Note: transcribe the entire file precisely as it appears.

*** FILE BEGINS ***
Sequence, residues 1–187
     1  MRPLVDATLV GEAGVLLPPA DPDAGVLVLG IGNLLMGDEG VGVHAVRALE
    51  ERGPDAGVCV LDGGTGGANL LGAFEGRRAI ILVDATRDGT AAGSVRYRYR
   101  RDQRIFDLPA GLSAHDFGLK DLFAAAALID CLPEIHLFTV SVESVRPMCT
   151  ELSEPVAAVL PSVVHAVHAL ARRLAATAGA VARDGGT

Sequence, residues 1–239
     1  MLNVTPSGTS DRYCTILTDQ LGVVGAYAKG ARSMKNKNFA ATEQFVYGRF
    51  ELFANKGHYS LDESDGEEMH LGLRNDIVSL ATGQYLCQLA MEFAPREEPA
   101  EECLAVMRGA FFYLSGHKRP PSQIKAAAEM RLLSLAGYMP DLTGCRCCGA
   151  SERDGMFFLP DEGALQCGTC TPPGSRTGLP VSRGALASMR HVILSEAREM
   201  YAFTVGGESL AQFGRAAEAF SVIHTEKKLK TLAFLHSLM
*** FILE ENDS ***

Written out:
Sequence, residues 1–187
     1  MRPLVDATLV GEAGVLLPPA DPDAGVLVLG IGNLLMGDEG VGVHAVRALE
    51  ERGPDAGVCV LDGGTGGANL LGAFEGRRAI ILVDATRDGT AAGSVRYRYR
   101  RDQRIFDLPA GLSAHDFGLK DLFAAAALID CLPEIHLFTV SVESVRPMCT
   151  ELSEPVAAVL PSVVHAVHAL ARRLAATAGA VARDGGT

Sequence, residues 1–239
     1  MLNVTPSGTS DRYCTILTDQ LGVVGAYAKG ARSMKNKNFA ATEQFVYGRF
    51  ELFANKGHYS LDESDGEEMH LGLRNDIVSL ATGQYLCQLA MEFAPREEPA
   101  EECLAVMRGA FFYLSGHKRP PSQIKAAAEM RLLSLAGYMP DLTGCRCCGA
   151  SERDGMFFLP DEGALQCGTC TPPGSRTGLP VSRGALASMR HVILSEAREM
   201  YAFTVGGESL AQFGRAAEAF SVIHTEKKLK TLAFLHSLM